At Kara market, it was gathered that the Fulani have a new site at Abule Agbo, Ajonbo community in Mawuko, and one of them who was not too busy offered to take our correspondent there.
A visit to Abule Agbo showed that the place also has houses built with blocks and concrete.
Speaking with the Seriki Fulani of Abule Agbo, Umaru Abdulaih, he noted that modernisation made them relocate from their former settlement to new places and to build modern houses.
Abdulaih who claimed they migrated to the area about 35 years ago said they were living with their host like one family.
The Seriki Fulani who spoke Yoruba fluently added that they were from Kwara State and known as the indigenous Fulani (Fulani Ibile). He further said Fulani has different tribes.
Similarly, the Seriki Fulani of Kara Paapa, Alhaji Ahmad Adam, said their tribe of Fulani is different from the ones alleged of abducting and killing innocent Nigerians.
He stated that their Fulani tribe had been living peacefully with their Yoruba neighbours without any rancour or crisis.
The two Serikis Fulani noted that their children and that of Yoruba attended the same schools and played together.
On inter-tribal marriage between the Yoruba and Fulani, they said they would allow their children to marry from other tribes so far there was love and understanding between the two families.
Apart from saying they speak Yoruba fluently, they added that they also eat several Yoruba foods such as eba, amala, tuwo and others.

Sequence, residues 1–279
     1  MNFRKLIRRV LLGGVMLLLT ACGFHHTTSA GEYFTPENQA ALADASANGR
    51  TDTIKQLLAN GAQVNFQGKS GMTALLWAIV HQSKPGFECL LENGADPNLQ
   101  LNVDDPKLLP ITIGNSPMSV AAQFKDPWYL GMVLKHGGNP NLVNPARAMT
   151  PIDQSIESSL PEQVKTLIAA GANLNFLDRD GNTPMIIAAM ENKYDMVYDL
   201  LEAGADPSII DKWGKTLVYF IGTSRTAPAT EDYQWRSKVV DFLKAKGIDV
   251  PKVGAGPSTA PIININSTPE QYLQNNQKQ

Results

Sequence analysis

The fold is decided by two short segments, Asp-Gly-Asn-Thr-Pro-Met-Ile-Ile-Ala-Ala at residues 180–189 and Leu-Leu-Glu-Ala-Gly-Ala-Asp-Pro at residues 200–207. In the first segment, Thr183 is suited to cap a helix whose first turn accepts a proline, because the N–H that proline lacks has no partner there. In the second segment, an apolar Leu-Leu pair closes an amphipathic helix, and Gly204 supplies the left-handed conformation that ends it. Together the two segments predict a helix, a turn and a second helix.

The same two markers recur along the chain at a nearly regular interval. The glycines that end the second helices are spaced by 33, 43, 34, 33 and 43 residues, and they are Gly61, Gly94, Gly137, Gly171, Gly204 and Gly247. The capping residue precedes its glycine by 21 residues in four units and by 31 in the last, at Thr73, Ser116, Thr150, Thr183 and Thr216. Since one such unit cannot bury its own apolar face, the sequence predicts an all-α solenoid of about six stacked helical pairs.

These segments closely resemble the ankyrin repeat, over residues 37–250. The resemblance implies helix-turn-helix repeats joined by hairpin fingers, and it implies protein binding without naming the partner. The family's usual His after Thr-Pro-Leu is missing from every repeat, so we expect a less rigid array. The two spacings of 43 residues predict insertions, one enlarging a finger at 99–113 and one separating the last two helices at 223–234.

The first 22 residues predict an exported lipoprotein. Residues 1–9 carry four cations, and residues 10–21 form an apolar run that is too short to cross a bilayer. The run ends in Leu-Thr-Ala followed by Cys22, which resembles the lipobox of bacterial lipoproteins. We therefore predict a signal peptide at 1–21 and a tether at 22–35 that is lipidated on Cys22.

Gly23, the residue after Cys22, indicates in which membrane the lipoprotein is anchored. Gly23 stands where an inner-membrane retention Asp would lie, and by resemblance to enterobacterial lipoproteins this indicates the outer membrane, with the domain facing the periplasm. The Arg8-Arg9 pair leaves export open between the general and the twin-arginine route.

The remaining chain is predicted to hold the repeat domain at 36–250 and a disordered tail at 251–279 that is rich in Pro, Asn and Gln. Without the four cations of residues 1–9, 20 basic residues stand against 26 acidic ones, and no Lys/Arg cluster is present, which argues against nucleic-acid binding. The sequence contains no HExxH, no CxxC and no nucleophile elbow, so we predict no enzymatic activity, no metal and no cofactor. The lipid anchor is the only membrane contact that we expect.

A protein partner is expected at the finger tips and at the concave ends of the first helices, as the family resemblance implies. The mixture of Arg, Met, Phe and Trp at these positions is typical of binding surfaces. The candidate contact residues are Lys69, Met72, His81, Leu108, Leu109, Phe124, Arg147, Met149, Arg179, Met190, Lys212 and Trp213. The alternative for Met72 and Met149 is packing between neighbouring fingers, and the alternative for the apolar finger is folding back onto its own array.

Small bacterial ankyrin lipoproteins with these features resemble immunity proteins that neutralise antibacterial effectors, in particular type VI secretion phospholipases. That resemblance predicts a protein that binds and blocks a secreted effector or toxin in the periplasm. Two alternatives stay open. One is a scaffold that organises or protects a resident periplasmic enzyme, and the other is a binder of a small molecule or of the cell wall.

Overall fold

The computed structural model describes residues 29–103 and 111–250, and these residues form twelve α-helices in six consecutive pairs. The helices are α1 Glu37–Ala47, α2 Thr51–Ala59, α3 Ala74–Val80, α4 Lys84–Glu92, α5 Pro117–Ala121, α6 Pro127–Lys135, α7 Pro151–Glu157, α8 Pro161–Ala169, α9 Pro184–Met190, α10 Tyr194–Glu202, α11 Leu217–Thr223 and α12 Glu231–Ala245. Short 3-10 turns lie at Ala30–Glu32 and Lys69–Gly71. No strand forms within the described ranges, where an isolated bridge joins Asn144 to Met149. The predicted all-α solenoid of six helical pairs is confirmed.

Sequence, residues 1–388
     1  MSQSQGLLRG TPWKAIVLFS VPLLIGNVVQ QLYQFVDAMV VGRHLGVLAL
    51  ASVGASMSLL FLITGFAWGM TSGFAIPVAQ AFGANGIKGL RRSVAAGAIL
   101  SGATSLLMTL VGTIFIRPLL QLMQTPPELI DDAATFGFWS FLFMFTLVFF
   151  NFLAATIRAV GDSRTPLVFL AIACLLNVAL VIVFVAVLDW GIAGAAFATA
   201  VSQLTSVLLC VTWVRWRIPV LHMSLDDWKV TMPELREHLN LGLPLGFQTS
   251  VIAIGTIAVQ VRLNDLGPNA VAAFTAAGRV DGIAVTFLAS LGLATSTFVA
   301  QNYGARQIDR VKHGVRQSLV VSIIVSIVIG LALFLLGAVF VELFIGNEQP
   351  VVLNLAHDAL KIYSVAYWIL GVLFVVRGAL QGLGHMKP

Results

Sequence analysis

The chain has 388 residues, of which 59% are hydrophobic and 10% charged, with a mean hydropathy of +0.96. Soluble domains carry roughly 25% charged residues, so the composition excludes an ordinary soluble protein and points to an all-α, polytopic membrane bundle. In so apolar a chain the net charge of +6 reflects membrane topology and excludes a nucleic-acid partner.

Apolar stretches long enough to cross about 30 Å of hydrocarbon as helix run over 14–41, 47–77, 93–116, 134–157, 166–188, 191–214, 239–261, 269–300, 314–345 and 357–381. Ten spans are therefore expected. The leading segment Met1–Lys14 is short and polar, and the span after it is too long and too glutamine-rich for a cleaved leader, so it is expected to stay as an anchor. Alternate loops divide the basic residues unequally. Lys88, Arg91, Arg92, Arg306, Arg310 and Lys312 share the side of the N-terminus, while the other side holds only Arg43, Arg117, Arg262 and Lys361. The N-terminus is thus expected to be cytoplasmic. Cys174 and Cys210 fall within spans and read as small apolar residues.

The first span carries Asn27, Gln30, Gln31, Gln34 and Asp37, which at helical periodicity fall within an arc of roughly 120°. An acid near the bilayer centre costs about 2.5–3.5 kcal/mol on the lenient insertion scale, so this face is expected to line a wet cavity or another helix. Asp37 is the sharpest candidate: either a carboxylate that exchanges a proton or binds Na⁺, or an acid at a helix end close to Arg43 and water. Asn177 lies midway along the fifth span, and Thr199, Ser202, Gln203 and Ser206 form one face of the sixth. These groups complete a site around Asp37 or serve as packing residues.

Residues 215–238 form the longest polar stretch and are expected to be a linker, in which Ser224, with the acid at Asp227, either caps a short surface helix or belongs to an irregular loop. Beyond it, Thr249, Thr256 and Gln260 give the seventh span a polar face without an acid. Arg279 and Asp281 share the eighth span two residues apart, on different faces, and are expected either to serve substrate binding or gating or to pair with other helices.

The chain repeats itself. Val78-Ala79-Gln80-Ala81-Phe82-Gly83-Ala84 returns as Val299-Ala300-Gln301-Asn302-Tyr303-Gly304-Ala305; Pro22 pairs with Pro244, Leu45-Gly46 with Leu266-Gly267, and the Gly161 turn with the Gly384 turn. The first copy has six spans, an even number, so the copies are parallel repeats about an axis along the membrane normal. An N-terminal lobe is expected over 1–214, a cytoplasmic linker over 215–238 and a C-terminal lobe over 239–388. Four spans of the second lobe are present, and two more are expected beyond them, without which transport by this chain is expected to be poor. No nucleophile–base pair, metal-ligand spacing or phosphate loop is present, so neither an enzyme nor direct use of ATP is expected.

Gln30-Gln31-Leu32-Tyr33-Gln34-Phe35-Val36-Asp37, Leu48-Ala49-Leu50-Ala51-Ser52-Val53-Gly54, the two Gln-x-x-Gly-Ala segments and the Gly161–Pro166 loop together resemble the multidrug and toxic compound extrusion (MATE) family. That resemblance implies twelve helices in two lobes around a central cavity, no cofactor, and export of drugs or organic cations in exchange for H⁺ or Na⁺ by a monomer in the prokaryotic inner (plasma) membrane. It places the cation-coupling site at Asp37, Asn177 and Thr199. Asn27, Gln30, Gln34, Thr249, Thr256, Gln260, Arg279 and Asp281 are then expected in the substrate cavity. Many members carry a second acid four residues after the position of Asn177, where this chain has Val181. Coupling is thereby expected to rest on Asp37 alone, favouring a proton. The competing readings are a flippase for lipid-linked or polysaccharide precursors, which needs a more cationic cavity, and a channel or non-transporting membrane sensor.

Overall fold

The Seriki Fulani of Kara Paapa added, “Our children attend normal school like many Yoruba children. We are the same and there is no discrimination among us. We speak the same language, eat the same food and for over 30 years we have been living in peace.
“Many of us engage in other business apart from cattle rearing. We have people who work as civil servants. We have lawyers, bank workers, mechanics and other professions among us. It is not that every Fulani rear cows as it is widely believed. We have those that go to school and those in other professions apart from the ones who rear cows.’’
Speaking on the attacks by Fulani herdsmen in some parts of the state, Chief Imam of the Kara Papa, Alhaji Ibrageem Maisaye, said that they also faced a similar situation.
Maisaye further said that some of their members at Kara were also kidnapped by the suspected killer Fulani herders whom he noted were of different origin.
He stated, “We have different Fulani herdsmen. While we are from Kwara, some are from the North and others are from Niger. Though they also speak Fulani, they may not understand Yoruba like us.
“We also suffer losses because of their attacks. The problem is that they live in the bush and they sometimes attack our people. They have kidnapped some of us and we paid ransoms before they were released.
“They always take their cows to feed on grasses in our area. We are not the same. We are from different backgrounds and we don’t even know them.”
The Seriki Fulani of Abule Agbo however said Fulani from other tribes weren’t allowed to reside in their domain. He explained that they always did background checks and also got approval of the Baale of the community where they reside before admitting any stranger into their midst.
The Seriki Fulani added, “We are proactive in our dealings with strangers in the community. We don’t allow people that we don’t know to stay in our community even if the person is Fulani and seen as a strange face, we alert the Baale of the community.
“We are living peacefully with our host. There is no cause for alarm. Our Yoruba neighbours are accommodating and we believe that there cannot be a problem between us.”